The Disaster in Darfur in Historical Perspective

Robert O. Collins

Abstract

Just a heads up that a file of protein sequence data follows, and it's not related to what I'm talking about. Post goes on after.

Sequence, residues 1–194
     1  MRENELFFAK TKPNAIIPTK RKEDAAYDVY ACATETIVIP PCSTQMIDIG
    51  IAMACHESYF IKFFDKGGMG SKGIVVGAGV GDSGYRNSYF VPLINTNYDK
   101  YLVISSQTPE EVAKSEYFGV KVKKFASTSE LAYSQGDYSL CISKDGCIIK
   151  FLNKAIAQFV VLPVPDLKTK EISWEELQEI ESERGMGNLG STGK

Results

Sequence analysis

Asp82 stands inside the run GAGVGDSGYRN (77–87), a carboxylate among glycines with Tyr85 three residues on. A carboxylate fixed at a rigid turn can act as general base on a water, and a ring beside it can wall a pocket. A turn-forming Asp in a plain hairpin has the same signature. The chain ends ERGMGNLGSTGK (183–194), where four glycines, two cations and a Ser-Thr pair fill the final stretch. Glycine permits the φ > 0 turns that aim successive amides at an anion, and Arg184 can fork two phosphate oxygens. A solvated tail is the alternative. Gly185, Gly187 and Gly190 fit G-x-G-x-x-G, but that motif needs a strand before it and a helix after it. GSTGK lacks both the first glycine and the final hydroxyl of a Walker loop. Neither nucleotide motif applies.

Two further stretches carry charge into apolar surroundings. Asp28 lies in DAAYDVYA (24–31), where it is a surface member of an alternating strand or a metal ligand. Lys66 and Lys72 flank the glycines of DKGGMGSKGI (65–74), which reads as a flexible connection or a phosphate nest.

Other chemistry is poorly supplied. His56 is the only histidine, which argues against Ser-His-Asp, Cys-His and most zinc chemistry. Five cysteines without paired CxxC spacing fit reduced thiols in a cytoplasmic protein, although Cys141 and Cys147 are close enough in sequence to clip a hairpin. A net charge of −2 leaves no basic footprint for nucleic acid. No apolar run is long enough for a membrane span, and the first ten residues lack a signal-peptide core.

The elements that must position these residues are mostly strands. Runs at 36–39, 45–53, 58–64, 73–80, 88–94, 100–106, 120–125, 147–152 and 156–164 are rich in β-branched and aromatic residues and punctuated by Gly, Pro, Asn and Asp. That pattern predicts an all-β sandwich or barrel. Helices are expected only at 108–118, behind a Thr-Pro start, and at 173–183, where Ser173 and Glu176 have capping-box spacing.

This article is to demonstrate that the current crisis in Darfur is not a spontaneous insurgency at the beginning of the twenty-first century but the culmination of neglect, religion, and racism since the end of the nineteenth century. Historically, there has been a long record of conflict between the African Fur and Masalit and the Arabs of Darfur, particularly the Baqqara. This racial hostility was compounded by the cultural discrimination between the rustic, illiterate Baqqara Arabs of Darfur, commonly known as the awlad al-gharib (westerners) and the more sophisticated literate riverine Arabs of the towns located in the heartland of the Sudan along the river Nile, the Awlad al-Bahr (people of the river). This juxtaposition of the center versus the periphery is central to any understanding of the history of Sudan of which the disaster in Darfur is the most recent manifestation. Moreover, since 1969 Darfur has been the strategic battleground in the much larger conflict begun by Muammar Qadhafi of Libya in 1969 to establish an Arab, Islamic Sudanic Libyan Empire south of the Sahara. In this 40 years' war the current crisis in Darfur is yet another act in a Shakespearean tragedy about the long road to disaster in Darfur. The theme of the play remains the same, but this act, the most bloody to be sure, must be understood by the international community as another episode in the continuing struggle for control of the most strategic regions of the Chad basin, Darfur.

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